How to KonMari
So you’ve decided to stop clutter in its tracks. Well done. But how exactly does the great Marie Kondo suggest you do it?

It’s a pretty simple philosophy, at its core. (Side note: hats off to Marie herself then, for turning it into two best-sellers, pots of cash and a spot on Time magazine’s Most Influential People of 2015 list, proving that it really does pay to be tidy.)

  1. Discard and donate.
  2. Pack away neatly.
  3. Enjoy your streamlined, happy life, accompanied by a svelter physique and more money in the bank.

Okay, no, but really, at nuts and bolts level, it is that simple. Or it can be. The problem most people have is with letting go of all that excess stuff…

Spark joy
The trick is not to focus on the things you’re getting rid of, but on what you want to keep. The KonMari method catchphrase is ‘Does it spark joy?’. If you focus on keeping only those items – from clothes to stationery – that bring you happiness, and get rid of all the rest, life becomes simpler, happier and far less cluttered.

You then assign all these joy-inducing items a home, to which they return every day, and you never have to concern yourself with clutter ever again, because you’ll never bring anything into your now sacred space that you don’t expressly want to be there. Then you can get on with the important things, like actually using that money-sucking gym membership or writing the next Harry Potter.

Forget about storage solutions
Neat freaks everywhere probably just cursed my name, but I’m going full Kondo on you here. I used to get really excited about storage solutions too. What’s not to love when the word ‘solution’ is in the name? But they’re a straight-up con, mostly. They’re generally quite expensive and all that happens is you squirrel your stuff away out of sight, forget it’s there, and three years later you decide you need to buy a bigger home because there’s ‘just no space’ in the current one.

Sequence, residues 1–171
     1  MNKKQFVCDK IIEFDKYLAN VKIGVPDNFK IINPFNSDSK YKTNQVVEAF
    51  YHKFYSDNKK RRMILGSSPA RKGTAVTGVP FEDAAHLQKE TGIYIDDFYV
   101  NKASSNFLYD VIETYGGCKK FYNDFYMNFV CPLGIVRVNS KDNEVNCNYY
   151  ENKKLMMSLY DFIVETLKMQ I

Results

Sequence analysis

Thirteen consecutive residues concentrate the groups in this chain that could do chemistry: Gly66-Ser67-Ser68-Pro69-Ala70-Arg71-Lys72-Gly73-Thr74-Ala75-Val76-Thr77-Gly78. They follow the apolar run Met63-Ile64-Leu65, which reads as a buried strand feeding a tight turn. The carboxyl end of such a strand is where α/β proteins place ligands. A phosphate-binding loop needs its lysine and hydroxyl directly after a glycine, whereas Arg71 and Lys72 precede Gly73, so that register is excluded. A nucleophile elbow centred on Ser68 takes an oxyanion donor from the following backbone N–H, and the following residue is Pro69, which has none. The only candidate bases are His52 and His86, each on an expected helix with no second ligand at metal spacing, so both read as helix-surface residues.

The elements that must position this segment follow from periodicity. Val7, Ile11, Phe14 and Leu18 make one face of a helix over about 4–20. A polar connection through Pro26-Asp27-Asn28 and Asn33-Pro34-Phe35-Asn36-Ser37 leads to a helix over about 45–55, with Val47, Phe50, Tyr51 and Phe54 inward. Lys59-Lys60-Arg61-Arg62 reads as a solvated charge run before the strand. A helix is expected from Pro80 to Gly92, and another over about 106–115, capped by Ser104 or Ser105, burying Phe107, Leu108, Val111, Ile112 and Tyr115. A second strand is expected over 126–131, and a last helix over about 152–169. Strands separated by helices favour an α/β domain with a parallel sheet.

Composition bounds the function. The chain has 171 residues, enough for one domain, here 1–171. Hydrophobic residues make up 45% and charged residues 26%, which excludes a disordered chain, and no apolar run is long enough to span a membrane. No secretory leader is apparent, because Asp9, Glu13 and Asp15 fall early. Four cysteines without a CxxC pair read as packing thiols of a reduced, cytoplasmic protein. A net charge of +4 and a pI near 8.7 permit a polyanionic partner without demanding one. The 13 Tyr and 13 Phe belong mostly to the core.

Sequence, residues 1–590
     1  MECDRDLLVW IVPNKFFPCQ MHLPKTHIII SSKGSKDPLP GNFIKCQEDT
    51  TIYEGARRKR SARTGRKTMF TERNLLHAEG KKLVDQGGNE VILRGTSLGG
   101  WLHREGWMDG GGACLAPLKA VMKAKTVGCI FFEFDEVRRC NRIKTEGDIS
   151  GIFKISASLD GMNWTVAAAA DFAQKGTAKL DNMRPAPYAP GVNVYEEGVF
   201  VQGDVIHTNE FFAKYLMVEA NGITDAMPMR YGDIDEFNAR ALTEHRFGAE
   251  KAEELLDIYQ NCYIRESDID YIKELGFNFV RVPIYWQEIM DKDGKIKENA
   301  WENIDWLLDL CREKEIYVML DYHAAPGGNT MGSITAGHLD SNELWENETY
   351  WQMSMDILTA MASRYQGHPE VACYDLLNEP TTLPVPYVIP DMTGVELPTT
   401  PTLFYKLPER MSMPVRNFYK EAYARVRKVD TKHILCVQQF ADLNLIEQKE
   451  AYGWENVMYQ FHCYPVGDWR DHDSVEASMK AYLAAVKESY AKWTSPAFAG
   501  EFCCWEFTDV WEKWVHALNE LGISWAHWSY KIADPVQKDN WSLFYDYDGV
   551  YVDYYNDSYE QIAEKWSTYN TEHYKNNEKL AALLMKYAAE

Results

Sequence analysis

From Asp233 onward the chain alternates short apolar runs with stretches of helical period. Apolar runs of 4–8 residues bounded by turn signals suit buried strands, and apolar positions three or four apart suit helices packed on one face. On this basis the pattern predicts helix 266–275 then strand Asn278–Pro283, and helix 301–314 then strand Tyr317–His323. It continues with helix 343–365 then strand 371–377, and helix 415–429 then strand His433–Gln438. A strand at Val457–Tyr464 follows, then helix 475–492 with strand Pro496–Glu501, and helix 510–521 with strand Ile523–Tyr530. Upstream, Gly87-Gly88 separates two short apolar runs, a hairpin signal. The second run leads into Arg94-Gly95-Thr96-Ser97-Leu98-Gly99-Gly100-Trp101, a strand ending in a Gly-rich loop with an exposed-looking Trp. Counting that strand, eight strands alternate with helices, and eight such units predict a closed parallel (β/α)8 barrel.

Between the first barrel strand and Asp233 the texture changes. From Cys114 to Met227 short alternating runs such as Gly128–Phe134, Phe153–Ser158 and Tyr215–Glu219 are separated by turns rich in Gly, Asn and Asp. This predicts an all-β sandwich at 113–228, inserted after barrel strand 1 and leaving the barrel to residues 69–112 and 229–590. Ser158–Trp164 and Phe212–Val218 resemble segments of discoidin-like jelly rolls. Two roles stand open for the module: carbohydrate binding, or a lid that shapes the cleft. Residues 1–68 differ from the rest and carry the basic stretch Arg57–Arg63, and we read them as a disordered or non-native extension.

Discard first, organise later. You’ll find you have more than enough storage already.

Charity can start with you
Ah the joy of giving. It’s supposed to be better than receiving, so give your old stuff away, by all means.

Then again, if you’re sitting on something that no longer sparks joy but you reckon someone else would part with their hard-earned cash for it, then go forth and commerce. This isn’t Florida and nobody really has yard sales, but nothing’s preventing you from flogging your stuff on Gumtree, OLX or Facebook groups like Second Hand.

Jade Cooke

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Jade is a 20-something Capetonian who recently gave up a real job in publishing in order to make a go of that freelance lark. Thanks to this decision, she tends to think about money rather a lot. Armed with a laptop and fuelled by Five Roses, Jade hopes to one day be a bonafide travel journalist (even if that means wearing khaki shorts). If some higher power is reading this, she’d also like to spend six months in Costa Rica surrounded by sloths please thank you.